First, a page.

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Temple LB William Kwenkeu earned American citizenship before playing in Gasparilla Bowl

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This week was years in the making for Temple linebacker William Kwenkeu, in more ways than one. The 6-foot-1, 225-pound linebacker posted the game of his life in the Owls 28-3 win over Florida International in the Bad Boy Mowers Gasparilla Bowl on Thursday, recording the first two sacks of his career.

But far more important than that: a day before, Kwenkeu became an American citizen.

A native of Cameroon, Kwenkeu moved to the United States in 2012, and eventually graduated from St. Charles High School in Waldorf, Md. He earned a scholarship at Temple, where he has made an impact on special teams before an injury to fellow linebacker Shaun Bradley led to his breakthrough performance in Thursday’s game.

However, a day before the game, Kwenkeu flew to Baltimore, according to the Philadelphia Inquirer, to take the U.S. citizenship test, which he passed. He will be sworn in as an American citizen this Wednesday in Philadelphia.

Which made his performance in the Gasparilla Bowl even more special than it would have been otherwise.

“It was exciting,” Kwenkeu told the Inquirer. “It was a five-year long wait and when it finally happened it, there were tears on my mom’s face, she was smiling and it was making her proud. That is what she wanted for me, the America dream happening for me, so it was a very warm moment.”

WATCH: Nick Saban appears in campaign ad endorsing U.S. Senator Joe Manchin (D-WV)

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Involved in a hotly-contested U.S. Senate race, Joe Manchin is bringing out the big guns in the form of one West Virginia’s favorite football sons.

In a political ad that debuted Wednesday, Alabama head coach — and Fairmont, WV native — Nick Saban, along with other God’s Country hoops favorites Bob Huggins and Jerry West, gave an unflinching endorsement of the 71-year-old Manchin, the incumbent U.S. Senator who is running for re-election against Republican Patrick Morrisey.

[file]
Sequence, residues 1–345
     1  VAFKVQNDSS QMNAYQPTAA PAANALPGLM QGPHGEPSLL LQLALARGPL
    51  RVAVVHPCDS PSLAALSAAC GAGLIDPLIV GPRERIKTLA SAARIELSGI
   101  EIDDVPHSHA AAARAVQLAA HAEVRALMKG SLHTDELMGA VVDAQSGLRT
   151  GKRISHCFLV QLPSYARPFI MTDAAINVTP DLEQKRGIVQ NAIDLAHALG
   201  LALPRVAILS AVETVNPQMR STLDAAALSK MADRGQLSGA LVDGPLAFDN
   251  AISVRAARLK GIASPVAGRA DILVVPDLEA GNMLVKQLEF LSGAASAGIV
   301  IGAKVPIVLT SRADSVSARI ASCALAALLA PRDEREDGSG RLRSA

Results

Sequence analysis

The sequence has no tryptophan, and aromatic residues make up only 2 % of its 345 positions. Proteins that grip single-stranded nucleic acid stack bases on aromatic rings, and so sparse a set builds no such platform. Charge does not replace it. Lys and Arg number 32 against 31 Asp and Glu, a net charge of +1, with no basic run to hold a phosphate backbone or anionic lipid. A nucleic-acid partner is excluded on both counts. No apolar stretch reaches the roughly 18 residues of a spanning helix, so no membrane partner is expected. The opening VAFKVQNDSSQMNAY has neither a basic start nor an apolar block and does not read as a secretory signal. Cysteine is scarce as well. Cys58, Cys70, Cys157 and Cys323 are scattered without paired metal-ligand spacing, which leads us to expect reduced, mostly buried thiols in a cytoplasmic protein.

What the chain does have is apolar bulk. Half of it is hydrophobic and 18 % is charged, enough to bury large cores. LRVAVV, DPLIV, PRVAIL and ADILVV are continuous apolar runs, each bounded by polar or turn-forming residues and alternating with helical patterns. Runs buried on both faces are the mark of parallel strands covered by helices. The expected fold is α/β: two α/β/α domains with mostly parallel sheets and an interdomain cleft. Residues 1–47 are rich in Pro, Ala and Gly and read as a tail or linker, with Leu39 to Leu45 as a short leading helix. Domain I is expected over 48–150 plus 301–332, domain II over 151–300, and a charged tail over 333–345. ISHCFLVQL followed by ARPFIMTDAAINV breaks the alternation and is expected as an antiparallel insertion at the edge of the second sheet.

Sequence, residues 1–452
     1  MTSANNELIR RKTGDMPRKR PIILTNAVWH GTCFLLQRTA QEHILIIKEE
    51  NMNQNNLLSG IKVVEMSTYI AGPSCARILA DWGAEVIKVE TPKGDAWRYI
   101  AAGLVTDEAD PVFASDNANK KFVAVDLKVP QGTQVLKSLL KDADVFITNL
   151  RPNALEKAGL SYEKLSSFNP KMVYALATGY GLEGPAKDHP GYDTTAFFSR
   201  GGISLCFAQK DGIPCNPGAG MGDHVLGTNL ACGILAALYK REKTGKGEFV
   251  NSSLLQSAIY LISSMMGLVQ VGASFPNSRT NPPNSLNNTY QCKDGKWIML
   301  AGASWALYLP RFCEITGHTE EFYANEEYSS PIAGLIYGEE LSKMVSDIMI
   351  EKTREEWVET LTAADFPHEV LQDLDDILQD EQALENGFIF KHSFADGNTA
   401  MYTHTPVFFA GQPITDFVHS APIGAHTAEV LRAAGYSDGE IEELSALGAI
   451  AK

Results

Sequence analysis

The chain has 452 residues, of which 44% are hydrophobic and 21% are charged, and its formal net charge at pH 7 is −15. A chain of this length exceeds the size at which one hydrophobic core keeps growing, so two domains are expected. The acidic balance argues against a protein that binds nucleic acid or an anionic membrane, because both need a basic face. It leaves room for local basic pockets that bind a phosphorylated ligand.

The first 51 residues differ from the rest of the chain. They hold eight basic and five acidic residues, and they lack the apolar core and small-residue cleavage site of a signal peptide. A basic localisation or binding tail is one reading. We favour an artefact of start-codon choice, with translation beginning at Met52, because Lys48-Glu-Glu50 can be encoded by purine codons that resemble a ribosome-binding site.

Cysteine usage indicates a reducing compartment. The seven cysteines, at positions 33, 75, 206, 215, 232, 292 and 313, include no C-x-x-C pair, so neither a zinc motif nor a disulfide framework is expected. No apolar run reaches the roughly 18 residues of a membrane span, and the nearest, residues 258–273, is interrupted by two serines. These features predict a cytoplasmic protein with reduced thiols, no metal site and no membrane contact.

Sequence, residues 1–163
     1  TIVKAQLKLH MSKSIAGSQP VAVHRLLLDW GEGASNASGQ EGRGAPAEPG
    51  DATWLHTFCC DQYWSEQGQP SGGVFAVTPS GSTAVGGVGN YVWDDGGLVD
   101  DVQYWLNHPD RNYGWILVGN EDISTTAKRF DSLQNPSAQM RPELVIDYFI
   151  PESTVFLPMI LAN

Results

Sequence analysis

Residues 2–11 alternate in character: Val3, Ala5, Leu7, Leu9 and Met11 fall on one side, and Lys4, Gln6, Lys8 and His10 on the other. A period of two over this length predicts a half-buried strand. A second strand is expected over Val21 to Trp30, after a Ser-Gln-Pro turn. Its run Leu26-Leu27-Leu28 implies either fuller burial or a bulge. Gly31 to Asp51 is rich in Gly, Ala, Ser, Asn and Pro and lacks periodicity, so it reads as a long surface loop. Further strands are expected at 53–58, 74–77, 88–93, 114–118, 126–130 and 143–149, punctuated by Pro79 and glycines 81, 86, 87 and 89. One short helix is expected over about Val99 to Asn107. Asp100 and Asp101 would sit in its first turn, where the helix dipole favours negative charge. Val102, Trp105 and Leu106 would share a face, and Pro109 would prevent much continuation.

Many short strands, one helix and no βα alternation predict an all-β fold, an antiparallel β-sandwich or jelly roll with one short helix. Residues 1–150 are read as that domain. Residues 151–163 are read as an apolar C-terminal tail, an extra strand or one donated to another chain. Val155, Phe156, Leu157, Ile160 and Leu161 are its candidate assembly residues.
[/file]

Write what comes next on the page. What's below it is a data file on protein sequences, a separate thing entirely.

“Joe and I grew up together in West Virginia and he never forgets where he came from,” Saban said in the ad. “I don’t have a better friend or know a better person than Joe Manchin.”

Other than not even realizing it was Election Day two years ago and some of his statements from the past — “I don’t really make political comments. So, if I say I like one person that means everybody who voted for the other person doesn’t like me. So, why would I do that?” — it’s not surprising that Saban has endorsed Manchin.

Manchin, who is five years older than Saban, was coached in Little League baseball by the Alabama head coach’s late father. “They used to take family vacations to Myrtle Beach together,” al.com wrote four years ago in profiling the relationship between the two that extended into adulthood. “Manchin laughs telling stories about going horseback riding with Saban.”

Manchin, who went to West Virginia University on a football scholarship before an injury ended his playing career, also wholeheartedly endorsed the high school-aged Saban, who ended up playing at Kent State, while at the same time lamenting his alma mater letting one get away.

“His size was always a challenge playing these tough sports,” Manchin said. “But Nick was as tough as anyone could be. My god, if he had a little more size, he would have killed everybody. I think the biggest mistake WVU ever made was not giving Nick Saban a scholarship.”

Alabama WR Devonta Smith questionable for Tennessee game

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Alabama could be down its second-leading receiver when it takes the field for one of its two annual rivalry games.

Devonta Smith suffered a hamstring injury in the third quarter of the Week 7 win over Missouri, and was then labeled as questionable as ‘Bama began prep work for this year’s Third Saturday in October clash with Tennessee in Knoxville. As preparations hit the midway point Wednesday, Nick Saban indicated there hasn’t been much if any change in the wide receiver’s status.

A final decision on Smith’s availability likely won’t be made until closer to Saturday’s mid-afternoon kickoff.